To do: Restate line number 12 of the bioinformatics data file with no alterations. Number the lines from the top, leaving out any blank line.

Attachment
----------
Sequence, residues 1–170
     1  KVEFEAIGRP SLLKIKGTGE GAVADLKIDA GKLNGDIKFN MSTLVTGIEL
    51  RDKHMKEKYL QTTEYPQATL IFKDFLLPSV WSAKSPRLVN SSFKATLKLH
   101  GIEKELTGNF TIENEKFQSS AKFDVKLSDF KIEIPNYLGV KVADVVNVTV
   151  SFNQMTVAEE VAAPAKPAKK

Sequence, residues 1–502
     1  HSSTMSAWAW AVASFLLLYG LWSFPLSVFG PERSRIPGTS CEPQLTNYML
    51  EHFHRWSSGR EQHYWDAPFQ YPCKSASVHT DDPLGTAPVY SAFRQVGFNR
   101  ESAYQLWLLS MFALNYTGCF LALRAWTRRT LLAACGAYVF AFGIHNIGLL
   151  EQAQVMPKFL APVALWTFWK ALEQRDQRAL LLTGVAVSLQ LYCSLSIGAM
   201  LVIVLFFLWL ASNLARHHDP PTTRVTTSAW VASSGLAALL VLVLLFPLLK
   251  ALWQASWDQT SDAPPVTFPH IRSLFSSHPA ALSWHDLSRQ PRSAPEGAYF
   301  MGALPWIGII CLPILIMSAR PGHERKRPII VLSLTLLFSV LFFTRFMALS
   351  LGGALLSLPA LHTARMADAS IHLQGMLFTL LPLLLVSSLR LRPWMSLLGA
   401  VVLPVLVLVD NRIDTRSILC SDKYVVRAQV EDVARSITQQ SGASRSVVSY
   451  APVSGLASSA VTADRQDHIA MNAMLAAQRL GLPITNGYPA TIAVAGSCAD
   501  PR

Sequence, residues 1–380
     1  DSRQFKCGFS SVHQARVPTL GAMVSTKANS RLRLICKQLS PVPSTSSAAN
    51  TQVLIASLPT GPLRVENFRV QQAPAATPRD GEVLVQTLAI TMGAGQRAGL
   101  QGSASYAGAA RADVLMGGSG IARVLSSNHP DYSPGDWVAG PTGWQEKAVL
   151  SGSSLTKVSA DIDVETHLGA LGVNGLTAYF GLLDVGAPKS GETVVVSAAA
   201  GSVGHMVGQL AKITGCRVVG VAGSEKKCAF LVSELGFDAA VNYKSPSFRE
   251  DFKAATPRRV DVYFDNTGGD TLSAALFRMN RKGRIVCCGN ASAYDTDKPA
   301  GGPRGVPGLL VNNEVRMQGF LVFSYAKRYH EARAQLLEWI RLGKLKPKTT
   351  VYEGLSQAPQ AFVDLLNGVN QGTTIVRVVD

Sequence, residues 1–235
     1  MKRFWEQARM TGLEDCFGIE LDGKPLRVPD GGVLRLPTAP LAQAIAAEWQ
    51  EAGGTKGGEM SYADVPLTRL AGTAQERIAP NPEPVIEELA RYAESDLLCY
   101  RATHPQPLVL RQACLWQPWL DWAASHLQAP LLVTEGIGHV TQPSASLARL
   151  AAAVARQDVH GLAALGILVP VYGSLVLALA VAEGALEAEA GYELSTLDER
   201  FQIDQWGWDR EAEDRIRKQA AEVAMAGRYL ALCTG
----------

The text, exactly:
   251  ALWQASWDQT SDAPPVTFPH IRSLFSSHPA ALSWHDLSRQ PRSAPEGAYF